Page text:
Re: When and what with slog

Postby sidd finch » Tue Mar 22, 2016 9:41 am

From Newsshooter:

S-log does add increased noise to the image so you have to be careful when using it. It is used when you have to shoot scenes that has a high level of contrast. It also works well in low light. S-log allows you to do without filters in some cases because it handles the highlights so much better. S-log does have to be color corrected in post though. A non color corrected S-log image looks washed out, lacks color and contrast.


Sidd
My pictures are made without script or written directions of any kind. I don't feel qualified to talk about my work. - Buster Keaton
User avatar
sidd finch
Moderator
Moderator
 
Posts: 3742
Joined: Mon Apr 23, 2007 5:20 pm
Location: Cyberspace

Re: When and what with slog

Postby momoffduty » Tue Mar 22, 2016 1:25 pm

Camera Labs has an indepth review of the Sony A6300. This camera shoots S-Log 2 and S-Log 3. If you use the XAVC format then you will need a fast card, an SDXC. I have bridge CS6 and would not download. I use the Sony Play Memories to transfer from card to computer.

In my opinion, the S-Log 2 & 3 are for film makers who want to match the footage to other cameras and color grade. I've seen short films on Vimeo that have the low contrast matte look. They wanted a specific LUT for their films.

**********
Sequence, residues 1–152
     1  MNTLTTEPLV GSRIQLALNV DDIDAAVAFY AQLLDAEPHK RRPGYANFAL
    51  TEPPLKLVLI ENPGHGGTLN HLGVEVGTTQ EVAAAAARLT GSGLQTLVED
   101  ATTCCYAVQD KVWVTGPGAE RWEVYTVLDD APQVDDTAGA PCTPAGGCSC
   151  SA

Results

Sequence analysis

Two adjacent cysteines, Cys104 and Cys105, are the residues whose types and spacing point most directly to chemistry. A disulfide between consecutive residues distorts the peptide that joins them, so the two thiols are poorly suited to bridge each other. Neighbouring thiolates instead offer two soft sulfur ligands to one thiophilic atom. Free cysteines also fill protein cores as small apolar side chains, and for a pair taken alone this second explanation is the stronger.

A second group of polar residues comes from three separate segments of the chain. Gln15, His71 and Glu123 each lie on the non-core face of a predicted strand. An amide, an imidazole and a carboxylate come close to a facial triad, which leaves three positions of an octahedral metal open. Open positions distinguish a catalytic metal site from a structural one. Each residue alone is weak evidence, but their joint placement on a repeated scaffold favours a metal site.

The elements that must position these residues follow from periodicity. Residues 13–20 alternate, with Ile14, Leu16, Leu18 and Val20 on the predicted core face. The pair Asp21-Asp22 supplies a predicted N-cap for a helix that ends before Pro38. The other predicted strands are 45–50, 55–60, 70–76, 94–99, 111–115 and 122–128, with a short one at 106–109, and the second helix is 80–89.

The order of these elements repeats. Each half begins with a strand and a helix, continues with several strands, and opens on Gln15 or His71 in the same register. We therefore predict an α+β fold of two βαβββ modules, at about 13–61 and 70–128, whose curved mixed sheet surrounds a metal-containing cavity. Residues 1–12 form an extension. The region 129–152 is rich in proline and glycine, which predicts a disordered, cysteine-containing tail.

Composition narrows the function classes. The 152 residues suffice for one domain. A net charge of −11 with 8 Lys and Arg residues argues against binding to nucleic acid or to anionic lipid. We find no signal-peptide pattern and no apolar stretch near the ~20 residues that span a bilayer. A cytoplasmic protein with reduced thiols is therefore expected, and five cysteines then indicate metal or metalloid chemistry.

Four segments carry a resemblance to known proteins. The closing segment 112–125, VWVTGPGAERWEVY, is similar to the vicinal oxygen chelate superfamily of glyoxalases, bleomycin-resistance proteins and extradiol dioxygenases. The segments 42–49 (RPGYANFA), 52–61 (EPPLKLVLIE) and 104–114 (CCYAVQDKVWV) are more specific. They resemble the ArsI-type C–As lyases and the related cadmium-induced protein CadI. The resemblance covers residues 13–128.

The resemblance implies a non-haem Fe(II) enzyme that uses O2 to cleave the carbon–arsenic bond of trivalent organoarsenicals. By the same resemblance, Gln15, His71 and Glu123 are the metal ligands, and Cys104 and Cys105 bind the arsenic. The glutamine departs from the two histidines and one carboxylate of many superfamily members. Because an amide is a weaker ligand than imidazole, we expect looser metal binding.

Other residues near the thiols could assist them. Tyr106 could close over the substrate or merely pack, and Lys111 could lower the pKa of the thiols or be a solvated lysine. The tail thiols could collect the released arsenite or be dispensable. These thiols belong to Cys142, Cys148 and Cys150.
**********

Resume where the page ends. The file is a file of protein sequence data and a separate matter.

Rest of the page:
Review and info for the Sony A6300

http://www.cameralabs.com/reviews/Sony_Alpha_A6300/
aka Cheryl
Intel i7 3770, Windows 7 Pro w/SP1, 64 bit, Intel 520 Series SSD, 32G RAM, 2 – 2T RAID, (1T external), GTX 550 Ti graphics
User avatar
momoffduty
Moderator
Moderator
 
Posts: 6977
Joined: Thu Feb 22, 2007 10:43 am
Location: near St. Louis

Re: When and what with slog

Postby Bob » Wed Mar 23, 2016 4:05 pm

With the Sony a6300 offering consumer (high) pricing and now bringing slog to the general market, what do we do with it? Cyberlink ColorDirector does support LUTs (lookup tables) and GroundControl seems to have a nice package for slog, but do we need them?


I agree, s-log is normally used by film makers who want to match the footage to other cameras or do extensive color grading. It's also used by cinematographers who are shooting digital for eventual transfer to film stock for theatrical release. While it's not really a raw format that captures all the sensor data, it does generally have a higher bit depth which allows for a greater dynamic range and better post processing characteristics.